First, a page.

The Ottawa Senators are that person driving 44 miles per hour on the highway in the left lane. When Reservoir Dogs is inevitably rebooted, instead of cutting off an ear, Michael Madsen will torture the cop by making him watch a Senators game. The phrase "watching grass grow" will be replaced by "pulling a Guy Boucher."
The first two games of the Eastern Conference finals between the Senators and the Pittsburgh Penguins could cure insomnia. You should not watch these games while operating heavy machinery. If Senators hockey were a sleeping pill, you would not be able to purchase it without a prescription from your doctor.
The Senators have put more hockey fans to sleep than an NBCSN intermission show. They have caused more casual observers to look away in horror than that nude statue of Donald Trump. They've spent more time counter-punching than Muhammad Ali in Zaire and more time on their heels than a stripper working a double shift.
Senators hockey is more painful to watch than your parents having sex.
But you know what?
It works for the Senators. It works really, really well, and they should continue with it even though it triggers your gag reflex three times per contest.
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Sure, when you watch a Senators game, part of you wants to call your loved ones and say goodbye because you think you're dying, but this 1-3-1 or 1-4 or Remove Your Will To Live system Boucher employs gives the Senators their best chance to win against more talented teams. It worked in the first round. It worked in the second round. And through two games against the Penguins, it's got them in a 1-1 series tie.
That's all that matters to the Senators and their fans. Would you love to grab Boucher by his collar and shake him while screaming about how he's destroying hockey and impeding the NHL's ability to attract new fans at a time when the most people are watching the sport? Do you want to berate him about his team not having a shot on goal for basically the entire third period of Game 2?
You know you do.
But this is the only way the Senators can beat the Penguins four times out of seven games. Absorb the beating, wait for the turnover in the middle of the ice, go the other way, score a goal, let Craig Anderson see and stop everything that doesn't get blocked. When you lose 1-0 and spend nearly an entire period of a scoreless game in your zone, it looks bad, but when you protect a lead on your way to a win in regulation or overtime? Well, it still looks bad, but at least you won.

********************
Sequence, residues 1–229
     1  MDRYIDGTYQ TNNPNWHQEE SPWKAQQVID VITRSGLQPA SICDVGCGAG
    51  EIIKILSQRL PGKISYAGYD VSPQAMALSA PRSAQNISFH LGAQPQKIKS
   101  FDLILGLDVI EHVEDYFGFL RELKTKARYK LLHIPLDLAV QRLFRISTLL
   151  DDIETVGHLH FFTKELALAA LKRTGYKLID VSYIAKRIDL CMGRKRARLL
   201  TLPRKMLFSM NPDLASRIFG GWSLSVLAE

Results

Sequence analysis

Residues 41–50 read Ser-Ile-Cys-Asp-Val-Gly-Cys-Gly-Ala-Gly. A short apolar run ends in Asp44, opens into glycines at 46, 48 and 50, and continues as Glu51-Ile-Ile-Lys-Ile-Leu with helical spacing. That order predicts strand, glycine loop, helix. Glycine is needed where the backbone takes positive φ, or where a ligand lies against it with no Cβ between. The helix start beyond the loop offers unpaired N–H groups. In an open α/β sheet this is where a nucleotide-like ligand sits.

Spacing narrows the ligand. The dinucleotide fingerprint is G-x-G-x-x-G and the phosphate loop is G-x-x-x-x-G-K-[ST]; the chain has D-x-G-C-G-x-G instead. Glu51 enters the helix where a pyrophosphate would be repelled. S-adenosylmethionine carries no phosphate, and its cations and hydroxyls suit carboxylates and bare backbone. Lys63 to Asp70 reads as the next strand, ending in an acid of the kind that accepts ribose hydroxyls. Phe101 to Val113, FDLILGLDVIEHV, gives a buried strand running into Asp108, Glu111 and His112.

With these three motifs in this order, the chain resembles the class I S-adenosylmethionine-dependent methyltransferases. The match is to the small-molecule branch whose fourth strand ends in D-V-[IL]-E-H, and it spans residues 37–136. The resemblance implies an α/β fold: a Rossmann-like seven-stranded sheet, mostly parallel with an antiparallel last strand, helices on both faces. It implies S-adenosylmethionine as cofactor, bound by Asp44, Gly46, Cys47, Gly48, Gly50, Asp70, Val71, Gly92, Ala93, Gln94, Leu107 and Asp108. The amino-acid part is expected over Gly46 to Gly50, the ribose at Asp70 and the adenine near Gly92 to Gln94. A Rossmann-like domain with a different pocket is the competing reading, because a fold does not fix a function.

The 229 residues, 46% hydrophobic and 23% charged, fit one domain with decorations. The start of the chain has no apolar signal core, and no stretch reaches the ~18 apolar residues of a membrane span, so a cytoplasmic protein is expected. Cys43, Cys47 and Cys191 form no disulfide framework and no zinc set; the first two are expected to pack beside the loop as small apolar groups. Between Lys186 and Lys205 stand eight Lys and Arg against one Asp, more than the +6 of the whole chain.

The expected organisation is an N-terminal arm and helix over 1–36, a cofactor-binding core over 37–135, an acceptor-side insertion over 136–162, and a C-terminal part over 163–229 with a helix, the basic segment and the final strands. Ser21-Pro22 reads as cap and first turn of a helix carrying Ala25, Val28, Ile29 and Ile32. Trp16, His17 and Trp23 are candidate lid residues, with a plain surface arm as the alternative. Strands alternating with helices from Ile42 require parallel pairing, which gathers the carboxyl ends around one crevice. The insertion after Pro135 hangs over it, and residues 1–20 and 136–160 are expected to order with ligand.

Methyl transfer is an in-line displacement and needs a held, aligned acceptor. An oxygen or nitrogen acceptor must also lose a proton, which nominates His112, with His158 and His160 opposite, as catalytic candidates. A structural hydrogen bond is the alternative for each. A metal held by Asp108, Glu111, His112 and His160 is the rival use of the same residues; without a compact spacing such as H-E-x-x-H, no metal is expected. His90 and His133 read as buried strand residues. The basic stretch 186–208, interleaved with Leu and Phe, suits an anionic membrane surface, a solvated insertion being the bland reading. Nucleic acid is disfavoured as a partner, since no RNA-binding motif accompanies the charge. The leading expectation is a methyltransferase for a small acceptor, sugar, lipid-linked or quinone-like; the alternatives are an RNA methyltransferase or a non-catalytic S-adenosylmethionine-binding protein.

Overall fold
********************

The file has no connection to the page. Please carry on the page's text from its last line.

Ask a Senators fan how they feel about watching this system and "boring" is one of the last words they'll use to describe it. That's because the Senators are winning, and that's all Senators fans care about. If Boucher decided that the Senators' best chance at winning was playing literal keep-away with the puck for two periods before trying to score in the third, and it worked, Senators fans would wear "KEEP-AWAY" T-shirts to every game.
The NHL is a niche sport, and the Senators are satisfying their niche with a conference finals appearance. But to get any other hockey fan to commit two hours to a game that doesn't involve their favorite team, you have to offer them something more than a stoppage every 45 seconds because someone went offside.
The Senators are the shitty videos your friends post of their kids to Facebook; you may think it's great that your kid is eating spaghetti or playing a traffic light in an elementary school production of The Fast & The Furious, but nobody else cares.
At the very least, the NHL should get Unisom to sponsor all remaining Senators games. Or a mattress company. Get creative with a hockey team that is the athletic manifestation of narcolepsy. Monetize the pain.
What can the NHL do to prevent teams from playing this way? Nothing. The Senators are the only team using this style, and quite frankly it's a miracle they've gotten this far. It's a transition season for the NHL, with its superpowers dropping like flies and the Penguins handicapped by the absence of Kris Letang, which is making the Senators' comforter-and-warm-milk defensive strategy that much more effective. It's hardly the start of a trend that will sink the league.
This is a copycat league, but no team in its right mind will look at the Senators' success and think, Yes, this is what we need to do now. Nobody wants to return to the hockey of the 1990s. The only thing from 90s hockey that's on the ice today is Jaromir Jagr, and that's all we need.
Boucher isn't going to change, and nor should he. This is our reality for the next three, four, five, or, if the Senators reach the Stanley Cup Final, possibly 12 games. Roll up your rim on that Tim Hortons coffee, pop open that bottle of Jolt, and keep that adrenaline needle nearby, because the Senators are trying to become the first team to intentionally sleepwalk to a Stanley Cup.
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